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13 Nov

Takis Barberis Interview

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Jazzonline talked to Takis Barberis, one of the most important Greek Jazz musician, few weeks before his performance at Onassis Cultural  Center on December 6, 2013

Takis Barberis belongs to a generation of musicians who had the chance to take their first steps in a fateful period, at the crossroads of the Greek jazz, 80s, participating in Greek known jazz bands of the era like Jazz Fusion Quintet and the historical group Iskra,  (David Lynch, George Fakanas, Farazis Takis, Takis Barberis, Nick Touliatos, Leonidas Pliatsikas) and then all the dekeatia 90s with his own ensembles involving several notable musicians (George Kontrafouris Takis Paterelis , John Vassalos, Giotis Kiourtsoglou etc). The music runs from rock and jazz goes into a creative fusion with folk and popular music, introducing transnational (mostly Indian) ichorythmikes parameters and technology - always with aesthetic measure and specifications suited to modern jazz style and composition.

1-What lead you to jazz and what were your musical influences ?
As I started playing rock guitar I think what led me to jazz was the evolution of rock music itself. It starts to incorporate elements from other music, such as latin, jazz, and even Indian music. Slowly I understood that the base of what I liked was the blues. Blues led me to black music, funk, soul jazz, jazz fusion, cool jazz, bossanova and finally to swing and bebop

2 - Which jazz musicians had or have a great influence on you, and why?
As a guitarist I have been influenced by Wes Montgomery and Joe Pass. But also, in the late 70s long before Django style became in fashion, the French school with my favorite guitar player Philip Catherine.
My biggest influence in the way of playing is probably John Scofield. But there are so many musicians I like who influenced me one way or another such as C.Parker, M.Davis, J.Hall, S.Getz, C.Brown, B.Evans, C.Haden ... and C.Mingus, W.Shorter, J.Zawinul ACJobim, O.Coleman, E.Gismonti, and Carla Bley as composers. Also the aesthetics of the company ECM with musicians like Ian Garbarek, Keith Jarret, Ralph Towner, Bill Frisell, Pat Metheny Group ...  gave another new artistic dimension. A great and decisive influence over the mix of jazz with Indian music was for me Trilok Gurtu with who I collaborated on my album Episodes released in 1994.

3- You are performing on December 6  at Onassis Cultural Centre with Ilhan Ersahin. Is it the first time you play together. Could you tell us few word about this concert?
For this concert we will present my new compositions that will be release soon, but also some pieces of Ilhan. Takis Barberis Group (Manos Saridakis,Yiorgos Georgiadis,George Polyhronakos) will work for the first time with acclaimed saxophonist Ilhan Ersahin  who literally divides his time between Istanbul and New York, playing an active role in musical scenes of those two cities. I really believe that it will be quite interesting because each of us carries varied influences from many styles of music.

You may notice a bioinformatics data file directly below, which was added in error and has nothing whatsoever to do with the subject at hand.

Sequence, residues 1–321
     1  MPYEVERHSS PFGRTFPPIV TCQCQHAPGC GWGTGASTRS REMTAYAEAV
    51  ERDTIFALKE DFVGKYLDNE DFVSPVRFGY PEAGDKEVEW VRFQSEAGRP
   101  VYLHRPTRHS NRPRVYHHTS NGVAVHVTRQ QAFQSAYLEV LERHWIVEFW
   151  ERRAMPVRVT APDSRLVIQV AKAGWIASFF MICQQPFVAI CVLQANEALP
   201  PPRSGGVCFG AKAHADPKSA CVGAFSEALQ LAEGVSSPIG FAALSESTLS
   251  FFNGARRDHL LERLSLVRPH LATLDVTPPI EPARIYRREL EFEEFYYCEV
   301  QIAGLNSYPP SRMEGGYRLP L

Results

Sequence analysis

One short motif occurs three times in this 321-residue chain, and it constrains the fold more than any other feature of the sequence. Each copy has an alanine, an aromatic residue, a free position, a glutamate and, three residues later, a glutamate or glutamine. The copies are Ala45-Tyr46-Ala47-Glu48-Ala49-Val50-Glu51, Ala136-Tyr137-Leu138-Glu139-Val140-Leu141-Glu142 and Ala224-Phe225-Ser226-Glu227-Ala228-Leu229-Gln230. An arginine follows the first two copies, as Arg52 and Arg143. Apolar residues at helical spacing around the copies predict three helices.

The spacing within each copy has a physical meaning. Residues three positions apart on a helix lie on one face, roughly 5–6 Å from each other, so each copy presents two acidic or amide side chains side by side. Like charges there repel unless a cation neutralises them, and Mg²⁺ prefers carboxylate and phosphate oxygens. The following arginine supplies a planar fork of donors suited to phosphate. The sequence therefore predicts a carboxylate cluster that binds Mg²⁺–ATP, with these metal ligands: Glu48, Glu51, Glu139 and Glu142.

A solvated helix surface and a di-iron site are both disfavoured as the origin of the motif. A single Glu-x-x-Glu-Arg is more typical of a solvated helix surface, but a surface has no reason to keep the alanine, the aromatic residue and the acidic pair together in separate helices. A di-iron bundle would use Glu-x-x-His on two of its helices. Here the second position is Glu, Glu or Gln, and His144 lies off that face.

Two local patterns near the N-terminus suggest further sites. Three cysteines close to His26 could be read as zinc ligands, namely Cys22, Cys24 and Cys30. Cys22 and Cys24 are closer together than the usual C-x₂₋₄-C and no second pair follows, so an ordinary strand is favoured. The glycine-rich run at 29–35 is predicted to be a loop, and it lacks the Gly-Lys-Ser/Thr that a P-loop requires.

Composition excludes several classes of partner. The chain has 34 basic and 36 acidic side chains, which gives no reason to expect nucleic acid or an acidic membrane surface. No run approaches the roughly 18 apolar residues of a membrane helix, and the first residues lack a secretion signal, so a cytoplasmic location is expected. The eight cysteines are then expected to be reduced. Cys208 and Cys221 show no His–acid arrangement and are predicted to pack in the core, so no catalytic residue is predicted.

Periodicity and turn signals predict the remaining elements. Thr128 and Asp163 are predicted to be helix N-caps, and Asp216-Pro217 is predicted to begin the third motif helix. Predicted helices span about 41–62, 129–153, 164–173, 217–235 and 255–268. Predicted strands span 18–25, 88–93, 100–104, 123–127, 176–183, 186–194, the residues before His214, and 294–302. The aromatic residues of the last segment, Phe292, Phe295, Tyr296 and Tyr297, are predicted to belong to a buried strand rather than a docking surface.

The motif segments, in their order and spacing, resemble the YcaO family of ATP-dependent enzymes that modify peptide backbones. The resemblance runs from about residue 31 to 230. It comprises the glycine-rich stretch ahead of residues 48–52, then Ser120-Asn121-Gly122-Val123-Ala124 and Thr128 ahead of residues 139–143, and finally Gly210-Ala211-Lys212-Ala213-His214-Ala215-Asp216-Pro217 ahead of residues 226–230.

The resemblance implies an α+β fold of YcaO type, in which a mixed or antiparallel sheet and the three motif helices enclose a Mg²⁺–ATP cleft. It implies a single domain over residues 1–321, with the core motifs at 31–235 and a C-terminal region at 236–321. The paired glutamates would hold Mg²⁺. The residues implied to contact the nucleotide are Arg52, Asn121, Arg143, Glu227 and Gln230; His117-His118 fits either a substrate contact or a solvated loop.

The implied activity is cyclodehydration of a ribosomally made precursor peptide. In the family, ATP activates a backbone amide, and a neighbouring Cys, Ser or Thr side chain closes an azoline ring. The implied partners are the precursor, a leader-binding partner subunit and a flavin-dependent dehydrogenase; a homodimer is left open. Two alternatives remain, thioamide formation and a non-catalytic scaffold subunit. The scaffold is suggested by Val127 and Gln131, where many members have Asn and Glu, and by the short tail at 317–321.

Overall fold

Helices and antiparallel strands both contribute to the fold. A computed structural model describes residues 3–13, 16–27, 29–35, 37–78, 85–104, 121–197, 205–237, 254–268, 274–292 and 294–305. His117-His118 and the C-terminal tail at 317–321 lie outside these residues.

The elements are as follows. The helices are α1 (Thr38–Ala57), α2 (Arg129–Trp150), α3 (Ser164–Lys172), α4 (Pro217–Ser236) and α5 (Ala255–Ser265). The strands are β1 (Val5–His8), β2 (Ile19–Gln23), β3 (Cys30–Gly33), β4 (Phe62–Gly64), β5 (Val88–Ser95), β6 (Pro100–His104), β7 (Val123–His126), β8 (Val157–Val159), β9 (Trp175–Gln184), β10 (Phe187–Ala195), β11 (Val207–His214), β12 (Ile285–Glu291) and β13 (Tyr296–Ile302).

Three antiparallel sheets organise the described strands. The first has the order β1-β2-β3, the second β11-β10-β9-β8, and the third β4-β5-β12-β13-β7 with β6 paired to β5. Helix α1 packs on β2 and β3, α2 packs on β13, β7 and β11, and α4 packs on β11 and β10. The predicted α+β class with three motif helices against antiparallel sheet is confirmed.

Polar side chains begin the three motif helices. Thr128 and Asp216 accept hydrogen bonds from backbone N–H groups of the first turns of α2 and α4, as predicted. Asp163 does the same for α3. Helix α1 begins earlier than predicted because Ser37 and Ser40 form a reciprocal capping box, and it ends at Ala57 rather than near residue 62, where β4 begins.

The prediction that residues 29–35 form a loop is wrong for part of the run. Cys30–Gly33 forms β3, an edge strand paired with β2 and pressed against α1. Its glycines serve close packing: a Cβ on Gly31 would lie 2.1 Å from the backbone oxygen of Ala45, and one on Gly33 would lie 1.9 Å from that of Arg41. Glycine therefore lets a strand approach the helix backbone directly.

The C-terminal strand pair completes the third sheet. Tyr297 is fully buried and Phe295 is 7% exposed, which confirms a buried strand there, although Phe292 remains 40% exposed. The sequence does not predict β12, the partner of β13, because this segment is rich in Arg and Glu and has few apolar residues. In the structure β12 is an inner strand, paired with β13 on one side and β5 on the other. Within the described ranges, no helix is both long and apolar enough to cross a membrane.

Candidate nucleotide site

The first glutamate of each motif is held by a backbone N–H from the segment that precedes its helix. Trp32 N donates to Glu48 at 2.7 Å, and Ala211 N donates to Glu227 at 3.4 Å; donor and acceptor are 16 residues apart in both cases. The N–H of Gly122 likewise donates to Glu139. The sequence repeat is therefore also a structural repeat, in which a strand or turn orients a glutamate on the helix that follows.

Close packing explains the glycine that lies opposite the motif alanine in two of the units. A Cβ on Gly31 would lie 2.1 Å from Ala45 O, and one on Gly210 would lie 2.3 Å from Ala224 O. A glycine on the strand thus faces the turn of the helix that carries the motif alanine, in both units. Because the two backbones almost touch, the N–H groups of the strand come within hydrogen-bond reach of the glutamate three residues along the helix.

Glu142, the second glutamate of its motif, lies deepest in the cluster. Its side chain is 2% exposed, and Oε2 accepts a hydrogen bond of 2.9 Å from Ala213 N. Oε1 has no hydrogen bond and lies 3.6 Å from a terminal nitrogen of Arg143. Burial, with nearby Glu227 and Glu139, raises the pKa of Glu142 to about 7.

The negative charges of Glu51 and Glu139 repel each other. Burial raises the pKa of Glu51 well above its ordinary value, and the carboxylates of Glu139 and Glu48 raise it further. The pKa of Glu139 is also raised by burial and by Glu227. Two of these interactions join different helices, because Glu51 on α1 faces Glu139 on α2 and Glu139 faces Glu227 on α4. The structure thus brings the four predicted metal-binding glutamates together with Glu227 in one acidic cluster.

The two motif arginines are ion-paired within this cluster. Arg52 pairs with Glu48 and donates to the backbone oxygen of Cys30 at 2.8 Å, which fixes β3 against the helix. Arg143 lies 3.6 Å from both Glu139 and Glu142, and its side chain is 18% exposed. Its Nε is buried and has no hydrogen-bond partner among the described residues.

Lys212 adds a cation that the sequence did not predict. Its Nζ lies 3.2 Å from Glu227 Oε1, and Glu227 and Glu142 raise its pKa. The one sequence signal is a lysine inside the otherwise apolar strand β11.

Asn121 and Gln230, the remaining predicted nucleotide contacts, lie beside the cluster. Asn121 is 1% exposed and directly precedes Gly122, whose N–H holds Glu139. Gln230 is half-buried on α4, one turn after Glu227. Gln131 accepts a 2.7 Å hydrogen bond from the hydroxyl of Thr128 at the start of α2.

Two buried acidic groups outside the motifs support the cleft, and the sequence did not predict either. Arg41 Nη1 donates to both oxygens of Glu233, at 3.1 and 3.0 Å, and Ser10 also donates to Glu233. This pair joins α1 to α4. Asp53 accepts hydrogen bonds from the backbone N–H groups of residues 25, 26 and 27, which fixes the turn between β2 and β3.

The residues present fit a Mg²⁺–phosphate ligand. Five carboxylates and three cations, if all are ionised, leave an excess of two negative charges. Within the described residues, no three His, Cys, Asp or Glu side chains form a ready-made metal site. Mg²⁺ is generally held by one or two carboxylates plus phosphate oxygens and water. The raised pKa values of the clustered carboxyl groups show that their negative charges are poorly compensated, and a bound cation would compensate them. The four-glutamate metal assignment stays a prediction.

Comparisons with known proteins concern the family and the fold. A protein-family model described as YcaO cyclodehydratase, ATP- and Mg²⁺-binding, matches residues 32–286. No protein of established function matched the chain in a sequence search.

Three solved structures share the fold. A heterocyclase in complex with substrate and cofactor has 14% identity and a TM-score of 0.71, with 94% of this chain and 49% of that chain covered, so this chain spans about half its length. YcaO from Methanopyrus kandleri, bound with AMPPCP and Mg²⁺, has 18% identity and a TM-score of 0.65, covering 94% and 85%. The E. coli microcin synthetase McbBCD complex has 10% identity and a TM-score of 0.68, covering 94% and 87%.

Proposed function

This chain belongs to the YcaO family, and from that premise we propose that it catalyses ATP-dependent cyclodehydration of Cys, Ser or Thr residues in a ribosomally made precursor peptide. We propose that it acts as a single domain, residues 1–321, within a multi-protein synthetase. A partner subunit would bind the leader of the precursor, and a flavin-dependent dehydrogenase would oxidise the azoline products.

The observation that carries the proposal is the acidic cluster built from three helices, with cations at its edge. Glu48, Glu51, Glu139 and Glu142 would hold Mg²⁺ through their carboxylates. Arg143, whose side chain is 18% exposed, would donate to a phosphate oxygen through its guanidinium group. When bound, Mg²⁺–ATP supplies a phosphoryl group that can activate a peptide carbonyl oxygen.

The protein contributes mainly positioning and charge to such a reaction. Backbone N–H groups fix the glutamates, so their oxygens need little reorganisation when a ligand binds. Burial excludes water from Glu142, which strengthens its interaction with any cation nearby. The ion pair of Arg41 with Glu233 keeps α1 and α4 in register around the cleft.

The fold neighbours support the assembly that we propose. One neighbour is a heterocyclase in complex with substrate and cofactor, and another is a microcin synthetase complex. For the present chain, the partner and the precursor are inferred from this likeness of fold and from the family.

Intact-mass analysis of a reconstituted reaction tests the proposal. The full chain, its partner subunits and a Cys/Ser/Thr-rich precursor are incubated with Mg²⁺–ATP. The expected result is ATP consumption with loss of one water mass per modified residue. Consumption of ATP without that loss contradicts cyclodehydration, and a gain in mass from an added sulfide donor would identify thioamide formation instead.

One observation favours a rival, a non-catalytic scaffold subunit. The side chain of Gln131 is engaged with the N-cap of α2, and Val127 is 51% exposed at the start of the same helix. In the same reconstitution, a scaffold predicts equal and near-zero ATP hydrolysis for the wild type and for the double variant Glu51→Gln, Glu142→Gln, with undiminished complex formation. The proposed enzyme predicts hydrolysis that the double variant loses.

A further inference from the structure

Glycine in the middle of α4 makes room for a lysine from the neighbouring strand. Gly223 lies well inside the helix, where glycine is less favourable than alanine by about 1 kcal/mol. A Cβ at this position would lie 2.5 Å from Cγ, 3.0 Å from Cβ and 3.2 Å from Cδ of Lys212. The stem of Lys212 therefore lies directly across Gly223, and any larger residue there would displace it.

4- Your last album “In Parallel” was released three years ago. What is next ? Any new project you are working on?
My new work is ready. The release of it is a matter of months. It will be release for sure in digital and maybe a CD as well.  And I have almost finished another project more experimental with many rock elements, Indian samples, tabla, electric sitar ...

5-You also teach guitar. What do you think about the new generation of musicians?  Is there any new talent ?
There is a generation of new musicians with great talent and knowledge . There was a great progress in the last two decade in the Greek jazz scene with many good young musicians of  brass, double bass, vocal,  vibraphone. This is completely new. Few years ago you could not find that !
The easy access to information and knowledge through internet helped a lot, but also the fantastic work made by some Schools of music and the Jazz department of the Ionian University has  definitely made a big difference. This is something my generation did not have.
Generally I admire a lot this new generation of musicians. The fact that they choose to be musicians which is very demanding and knowing that is hard to make a living in a such difficult time means a lot. The more important for each of them (like it was for us) is to find their own “voice”.

5- Any regrets so far in your career ? something you did not do but you should have done ?
I don’t  easily regret for what I do. All I can say is that I should probably find a way to make my music  known abroad through my records but also with live performances.

Interview Patricia Graire – November 2013 -

More about Takis Barberis http://jazzonline.gr/en/musicians/item/90-barberis-takis.html


Last modified on Wednesday, 20 November 2013 08:55